According to a recent report, Hong Kong has the potential to serve as a data hub in the Greater Bay Area (GBA) for implementing a pilot scheme on cross-border data flow. A special task force is recommended to coordinate data transfer issues within the GBA.
These are the key insights of a research conducted by the City University of Hong Kong (CityU) and the Hong Kong branch of an American major tech firm.
Titled “Legal Research Project: Proposal for Hong Kong to be a Data Center Hub for the Greater Bay Area and China”, the research examined the legal issues related to cross-border data transfer and recommended Hong Kong as a suitable location to serve as a data depository and processing centre for the GBA.
The research reviewed the legal framework of data protection and cybersecurity and identified the key restrictions on free data flow among the three jurisdictions in China, Hong Kong and Macau. However, China the tightest restriction; Hong Kong has no legal restriction on data flow.
Hong Kong’s data protection law focuses on the protection of privacy and security of personal data. Currently, there is no legal or regulatory restriction on cross-border transfer of data to and from the city. It is in a good position to be a data hub for the GBA as a pilot.
It was noted that Hong Kong has actively participated in international agreements about cross-border data transfer. This, in conjunction with Hong Kong’s international positioning and robust legal framework, make it the prime location for the data centre hub for the GBA, and potentially for entire China in the long run.
Gradually implemented a pilot scheme
The research recommends a step-by-step pilot approach, which synchronises the policies, regimes, and technical aspects related to data transfer within the GBA.
A special task force group is recommended to coordinate the legal institutions and government agencies in Guangdong, Hong Kong, and Macau.
It was noted that the HKSAR Government can take the lead in lobbying the governments in China and Macau to gather for a discussion.
In addition, the research recommends the establishment of a “white list” or a “negative list” for data flow.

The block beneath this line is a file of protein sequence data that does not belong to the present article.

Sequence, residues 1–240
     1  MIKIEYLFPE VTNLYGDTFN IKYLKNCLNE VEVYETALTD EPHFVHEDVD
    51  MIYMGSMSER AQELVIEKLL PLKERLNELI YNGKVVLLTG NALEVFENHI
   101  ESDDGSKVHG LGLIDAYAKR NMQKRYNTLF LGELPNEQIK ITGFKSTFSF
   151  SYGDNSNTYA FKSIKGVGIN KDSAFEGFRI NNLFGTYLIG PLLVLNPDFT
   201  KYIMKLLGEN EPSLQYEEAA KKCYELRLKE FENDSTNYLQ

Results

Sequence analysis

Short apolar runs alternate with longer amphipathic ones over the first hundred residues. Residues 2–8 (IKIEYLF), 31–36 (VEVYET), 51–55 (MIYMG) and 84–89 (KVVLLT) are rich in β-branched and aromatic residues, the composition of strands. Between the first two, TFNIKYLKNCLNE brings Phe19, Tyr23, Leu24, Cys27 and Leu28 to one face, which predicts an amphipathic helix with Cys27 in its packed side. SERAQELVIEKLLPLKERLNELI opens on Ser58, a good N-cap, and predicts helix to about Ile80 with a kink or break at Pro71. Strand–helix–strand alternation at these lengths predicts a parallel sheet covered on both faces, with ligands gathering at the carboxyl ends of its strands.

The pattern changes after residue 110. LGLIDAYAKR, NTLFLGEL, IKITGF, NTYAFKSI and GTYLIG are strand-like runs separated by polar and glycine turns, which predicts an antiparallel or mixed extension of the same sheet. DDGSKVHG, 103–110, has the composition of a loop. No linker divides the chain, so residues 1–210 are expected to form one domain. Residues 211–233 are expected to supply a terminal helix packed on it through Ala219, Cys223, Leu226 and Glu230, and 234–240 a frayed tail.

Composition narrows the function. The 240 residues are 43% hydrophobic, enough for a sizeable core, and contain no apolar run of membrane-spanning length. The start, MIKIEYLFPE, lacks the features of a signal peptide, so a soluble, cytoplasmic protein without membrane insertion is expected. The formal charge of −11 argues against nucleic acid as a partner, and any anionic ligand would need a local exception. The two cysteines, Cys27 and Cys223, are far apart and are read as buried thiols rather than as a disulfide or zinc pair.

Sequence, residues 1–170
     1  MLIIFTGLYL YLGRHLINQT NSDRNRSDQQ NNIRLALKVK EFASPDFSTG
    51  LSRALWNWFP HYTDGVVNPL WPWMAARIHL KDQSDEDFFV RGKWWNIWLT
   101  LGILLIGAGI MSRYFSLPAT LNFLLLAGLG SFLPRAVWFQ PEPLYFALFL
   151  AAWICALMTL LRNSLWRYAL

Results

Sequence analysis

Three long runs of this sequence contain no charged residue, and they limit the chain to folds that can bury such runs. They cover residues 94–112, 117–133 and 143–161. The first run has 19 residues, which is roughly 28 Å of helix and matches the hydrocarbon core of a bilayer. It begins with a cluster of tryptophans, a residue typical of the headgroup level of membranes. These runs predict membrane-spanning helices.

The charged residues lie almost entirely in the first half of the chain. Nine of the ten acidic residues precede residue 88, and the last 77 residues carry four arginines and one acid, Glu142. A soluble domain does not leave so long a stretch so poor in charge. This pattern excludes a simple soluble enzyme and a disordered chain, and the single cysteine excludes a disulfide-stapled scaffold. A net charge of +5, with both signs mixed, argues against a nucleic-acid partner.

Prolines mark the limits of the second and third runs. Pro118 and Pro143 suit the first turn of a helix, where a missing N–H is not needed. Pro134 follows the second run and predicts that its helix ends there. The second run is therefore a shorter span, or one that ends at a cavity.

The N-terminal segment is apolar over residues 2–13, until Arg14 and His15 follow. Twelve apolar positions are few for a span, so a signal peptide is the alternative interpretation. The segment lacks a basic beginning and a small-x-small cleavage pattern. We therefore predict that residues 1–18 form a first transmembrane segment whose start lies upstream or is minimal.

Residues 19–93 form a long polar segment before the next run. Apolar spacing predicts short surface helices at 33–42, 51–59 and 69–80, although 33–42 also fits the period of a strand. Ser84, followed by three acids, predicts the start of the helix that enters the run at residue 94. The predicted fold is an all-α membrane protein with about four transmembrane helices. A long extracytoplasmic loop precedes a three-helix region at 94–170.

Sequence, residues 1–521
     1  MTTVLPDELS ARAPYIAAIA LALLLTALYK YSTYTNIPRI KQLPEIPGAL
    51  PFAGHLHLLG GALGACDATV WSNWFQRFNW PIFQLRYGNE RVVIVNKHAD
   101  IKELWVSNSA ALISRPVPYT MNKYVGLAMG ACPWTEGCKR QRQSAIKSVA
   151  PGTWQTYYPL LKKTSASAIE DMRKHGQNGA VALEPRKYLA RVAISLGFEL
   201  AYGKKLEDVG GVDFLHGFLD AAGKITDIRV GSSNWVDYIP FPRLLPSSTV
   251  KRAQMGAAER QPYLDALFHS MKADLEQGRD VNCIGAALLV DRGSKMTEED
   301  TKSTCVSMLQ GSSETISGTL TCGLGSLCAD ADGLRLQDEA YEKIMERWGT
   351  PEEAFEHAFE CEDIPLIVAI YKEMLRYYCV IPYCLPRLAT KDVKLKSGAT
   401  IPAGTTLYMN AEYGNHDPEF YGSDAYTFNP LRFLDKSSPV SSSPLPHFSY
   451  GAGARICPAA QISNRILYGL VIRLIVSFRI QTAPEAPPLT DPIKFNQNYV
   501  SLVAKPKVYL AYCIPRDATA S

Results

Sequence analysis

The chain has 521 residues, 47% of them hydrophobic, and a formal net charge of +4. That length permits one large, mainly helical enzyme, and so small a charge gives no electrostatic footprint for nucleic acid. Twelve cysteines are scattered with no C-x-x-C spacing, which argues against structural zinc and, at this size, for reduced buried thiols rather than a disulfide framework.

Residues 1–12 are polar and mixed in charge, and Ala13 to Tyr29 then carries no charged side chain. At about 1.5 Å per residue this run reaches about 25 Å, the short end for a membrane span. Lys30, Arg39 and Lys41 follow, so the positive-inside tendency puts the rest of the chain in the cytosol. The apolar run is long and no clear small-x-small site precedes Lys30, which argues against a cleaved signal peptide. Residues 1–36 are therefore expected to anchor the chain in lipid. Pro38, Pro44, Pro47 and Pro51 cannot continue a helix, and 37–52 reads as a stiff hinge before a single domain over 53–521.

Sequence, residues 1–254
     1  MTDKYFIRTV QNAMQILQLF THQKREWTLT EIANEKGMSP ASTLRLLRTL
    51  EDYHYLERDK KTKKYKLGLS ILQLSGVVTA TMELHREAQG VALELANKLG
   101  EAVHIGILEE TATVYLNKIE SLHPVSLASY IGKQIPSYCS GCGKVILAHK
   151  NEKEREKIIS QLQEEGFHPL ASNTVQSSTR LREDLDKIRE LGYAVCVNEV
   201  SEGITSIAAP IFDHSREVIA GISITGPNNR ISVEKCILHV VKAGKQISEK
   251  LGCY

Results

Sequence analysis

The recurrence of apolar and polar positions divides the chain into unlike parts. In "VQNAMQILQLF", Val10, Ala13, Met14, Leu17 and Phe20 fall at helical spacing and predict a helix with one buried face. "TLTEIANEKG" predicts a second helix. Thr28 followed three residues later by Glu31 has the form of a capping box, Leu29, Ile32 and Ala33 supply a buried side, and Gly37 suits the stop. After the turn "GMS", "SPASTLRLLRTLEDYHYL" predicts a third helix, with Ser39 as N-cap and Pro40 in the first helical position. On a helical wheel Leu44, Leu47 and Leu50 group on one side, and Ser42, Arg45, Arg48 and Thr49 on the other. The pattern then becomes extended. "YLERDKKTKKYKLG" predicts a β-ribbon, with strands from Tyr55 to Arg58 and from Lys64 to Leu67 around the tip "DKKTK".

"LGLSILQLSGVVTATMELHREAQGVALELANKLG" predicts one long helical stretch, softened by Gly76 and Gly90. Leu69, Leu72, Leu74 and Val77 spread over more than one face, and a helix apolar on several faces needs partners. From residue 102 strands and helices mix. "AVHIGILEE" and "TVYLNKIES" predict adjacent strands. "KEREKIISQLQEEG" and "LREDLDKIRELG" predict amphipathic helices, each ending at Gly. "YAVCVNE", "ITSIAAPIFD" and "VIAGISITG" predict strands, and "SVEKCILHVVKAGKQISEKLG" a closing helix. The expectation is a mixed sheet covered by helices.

The “white list” permits certain categories of data to enter and exit in certain circumstances, while the “negative list” is able to ascertain the scope of data that are not allowed to be transferred freely.
The ‘white list’ can be started with less sensitive or critical data such as open data and data not subject to legal or regulatory restrictions.
Members of the special task force can discuss the white list or negative list together. Hong Kong’s data governance should be elevated to an international standard to make the city a trusted location for cross-border data flow while facilitating innovation and technology progress.
Doing well in terms of protecting local data will give the region greater credibility, building trust for other jurisdictions to allow data to enter and exit.
The Institute of Big Data Governance (IBDG) is a group of entrepreneurs and tech companies in Hong Kong. It’s a vision to turn Hong Kong into a global data hub.
The institute is working on some self-regulatory guiding principles related to data leakage such as the number of hours organizations have to inform data owners in the case of personal data breaches.
As the council member of the IBDG, the American tech firm believes that tech is key to unleashing the true potential of the GBA.
It was noted that data analytics is the means to get competitive advantages for businesses, governments as well as for R&D within the GBA. All sectors can be benefited from Hong Kong as a data hub.